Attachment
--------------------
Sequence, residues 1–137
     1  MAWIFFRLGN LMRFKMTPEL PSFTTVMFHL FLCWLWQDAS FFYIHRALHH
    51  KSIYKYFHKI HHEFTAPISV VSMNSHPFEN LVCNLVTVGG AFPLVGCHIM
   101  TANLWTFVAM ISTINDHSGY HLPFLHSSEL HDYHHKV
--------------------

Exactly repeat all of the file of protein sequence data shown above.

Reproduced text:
Sequence, residues 1–137
     1  MAWIFFRLGN LMRFKMTPEL PSFTTVMFHL FLCWLWQDAS FFYIHRALHH
    51  KSIYKYFHKI HHEFTAPISV VSMNSHPFEN LVCNLVTVGG AFPLVGCHIM
   101  TANLWTFVAM ISTINDHSGY HLPFLHSSEL HDYHHKV